Postcolonial feminist criticism is extensive and variable. This chapter locates the various kinds of patriarchal authority to which women from countries with a history of colonialism may be subjected, and addresses the concept of 'double colonisation'. It looks at postcolonial critiques of 'First World' feminism in thinking about the problems and possibilities when using 'First World' feminism in postcolonial contexts. This involves examining some important and challenging essays by Gayatri Chakravorty Spivak. The chapter also discusses Spivak's essay 'Can the Subaltern Speak?' which is a complex critique of the representation of human subjectivity in a variety of contexts, but with particular reference to the work of the Subaltern Studiesscholars. Finally, the authors apply some of the ideas and concepts introduced in the chapter when reading Sally Morgan's autobiographical text, My Place.
As with structuralism and post-structuralism, there is a great deal of debate about how modernism and postmodernism differ, the topic this chapter is concerned about. The period of high modernism was from 1910 to 1930, and this chapter begins with some of the important characteristics of literary modernism practiced by various writers of this movement. It summarises the distinction between modernism and postmodernism as in various postmodernist poems, plays and novels. Some of the works of major theorists of postmodernism such as Habermas, Lyotard and Baudrillard, which are considered to be the 'landmarks' in postmodernism, are presented. The chapter describes Baudrillard's four-stage model for signs. It also describes the activities of postmodernists and presents an example of postmodernist criticism, which makes an application of ideas derived from Lyotard. A STOP and THINK section helps readers understand one of the crucial category in Baudrillard's four-stage model, the sign which conceals an absence.
Psychoanalytic criticism is a form of literary criticism which uses some of the techniques of psychoanalysis in the interpretation of literature. This chapter begins by discussing Sigmund Freud's major ideas related to psychoanalysis. It then explains how Freudian interpretation works. A STOP and THINK section in the chapter helps readers understand the logic of Freudian interpretation. Freud's misreading is seen in the case study usually known simply as 'Dora'. The chapter concentrates on a dream which she related to Freud in the course of the treatment. It lists some activities of Freudian psychoanalytic critics and Lacanian critics, and provides examples of Freudian psychoanalytic criticism and Lacanian criticism. Comparing the Freudian and Lacanian examples will make it immediately apparent that there is an immense gulf between these two approaches, even though they both stem from the same original body of Freudian theory.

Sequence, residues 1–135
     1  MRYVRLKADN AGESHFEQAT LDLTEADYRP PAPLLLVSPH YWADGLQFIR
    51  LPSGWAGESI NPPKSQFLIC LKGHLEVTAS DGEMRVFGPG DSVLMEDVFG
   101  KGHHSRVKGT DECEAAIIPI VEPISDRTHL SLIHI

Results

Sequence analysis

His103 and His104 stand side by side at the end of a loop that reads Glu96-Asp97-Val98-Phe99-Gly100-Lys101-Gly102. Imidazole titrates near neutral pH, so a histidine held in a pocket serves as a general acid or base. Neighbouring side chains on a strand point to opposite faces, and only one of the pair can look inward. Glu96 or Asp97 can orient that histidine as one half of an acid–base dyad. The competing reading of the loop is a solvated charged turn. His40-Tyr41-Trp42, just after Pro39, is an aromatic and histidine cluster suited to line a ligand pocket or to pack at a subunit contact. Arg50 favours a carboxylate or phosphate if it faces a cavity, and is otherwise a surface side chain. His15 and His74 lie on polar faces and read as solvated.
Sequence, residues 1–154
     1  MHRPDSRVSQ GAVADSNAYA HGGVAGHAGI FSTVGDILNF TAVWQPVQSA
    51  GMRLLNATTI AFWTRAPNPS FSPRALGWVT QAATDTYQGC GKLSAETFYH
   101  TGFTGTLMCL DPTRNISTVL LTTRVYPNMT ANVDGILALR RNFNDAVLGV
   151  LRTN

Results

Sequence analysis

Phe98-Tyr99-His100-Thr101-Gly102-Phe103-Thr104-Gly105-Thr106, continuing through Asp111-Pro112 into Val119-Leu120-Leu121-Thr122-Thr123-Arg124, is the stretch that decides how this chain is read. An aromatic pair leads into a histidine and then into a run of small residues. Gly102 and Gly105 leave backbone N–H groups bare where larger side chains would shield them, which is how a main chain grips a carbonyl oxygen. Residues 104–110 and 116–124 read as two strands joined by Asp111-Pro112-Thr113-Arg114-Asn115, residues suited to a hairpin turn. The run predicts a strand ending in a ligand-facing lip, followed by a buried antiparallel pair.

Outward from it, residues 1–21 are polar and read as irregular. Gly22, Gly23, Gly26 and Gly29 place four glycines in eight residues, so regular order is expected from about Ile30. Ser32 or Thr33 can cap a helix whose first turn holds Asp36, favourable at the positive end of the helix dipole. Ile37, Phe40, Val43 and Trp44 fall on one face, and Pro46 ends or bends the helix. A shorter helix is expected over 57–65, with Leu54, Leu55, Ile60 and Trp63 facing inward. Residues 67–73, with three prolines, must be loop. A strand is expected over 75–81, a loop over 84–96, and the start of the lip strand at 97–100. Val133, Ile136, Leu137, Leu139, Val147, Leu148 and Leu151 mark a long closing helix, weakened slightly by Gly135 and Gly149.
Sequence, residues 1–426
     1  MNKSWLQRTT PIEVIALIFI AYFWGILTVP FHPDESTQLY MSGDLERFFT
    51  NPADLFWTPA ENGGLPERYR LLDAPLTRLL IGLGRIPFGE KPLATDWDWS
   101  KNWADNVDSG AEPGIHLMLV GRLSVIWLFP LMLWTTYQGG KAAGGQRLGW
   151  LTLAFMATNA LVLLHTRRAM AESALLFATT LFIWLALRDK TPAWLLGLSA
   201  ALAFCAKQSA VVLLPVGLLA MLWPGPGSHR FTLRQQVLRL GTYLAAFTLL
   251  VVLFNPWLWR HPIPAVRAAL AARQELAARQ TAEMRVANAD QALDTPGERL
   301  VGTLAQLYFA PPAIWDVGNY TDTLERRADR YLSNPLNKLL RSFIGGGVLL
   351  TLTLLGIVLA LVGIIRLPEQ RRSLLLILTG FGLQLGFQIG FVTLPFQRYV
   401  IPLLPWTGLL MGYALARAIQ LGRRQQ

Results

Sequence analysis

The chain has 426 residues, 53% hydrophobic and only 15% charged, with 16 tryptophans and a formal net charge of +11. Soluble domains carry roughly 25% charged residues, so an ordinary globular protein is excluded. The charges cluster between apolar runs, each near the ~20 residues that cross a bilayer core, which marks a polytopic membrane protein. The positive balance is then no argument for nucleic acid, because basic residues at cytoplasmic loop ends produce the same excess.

There were differences of emphasis between lesbian and gay theory, and two major strands of thinking within lesbian theory itself. The first of these is lesbian feminism, which is understood by seeing it initially in the context of its own origins from within feminism. The second is designated as libertarian lesbianism seen as part of the field of 'queer theory' or 'queer studies'. This chapter discusses the nature and development of the thinking designated as lesbian feminism and libertarian lesbianism. It describes the critical activities of queer theorists and presents an example of this kind of criticism taken from the chapter 'The love poetry of the First World War' in Mark Lilly's Gay Men's Literature in the Twentieth Century. A STOP and THINK section provides the reader with some ‘hands-on’ experience with the subject discussed.
The reinterpretation of 'classic' English literary works has become an important area of postcolonialism and has impacted upon all kinds of literary debates, in particular the ongoing disputes about which texts can be considered as possessing 'literary value' and the criteria we use to measure it. This chapter introduces these issues by taking as points of orientation two interrelated themes: the re-reading of literary 'classics', such as Jane Austen's Mansfield Park, in the light of postcolonial scholarship and experience, and the re-writing of received literary texts by postcolonial writers. In the latter context, the chapter looks at two novels: Charlotte Brontë's Jane Eyre, and Jean Rhys's Wide Sargasso Sea which engages with Brontë's text. STOP and THINK sections in the chapter pose a series of questions about the concepts discussed in the chapter to assist the reader in making judgements about the ideas raised within postcolonialism.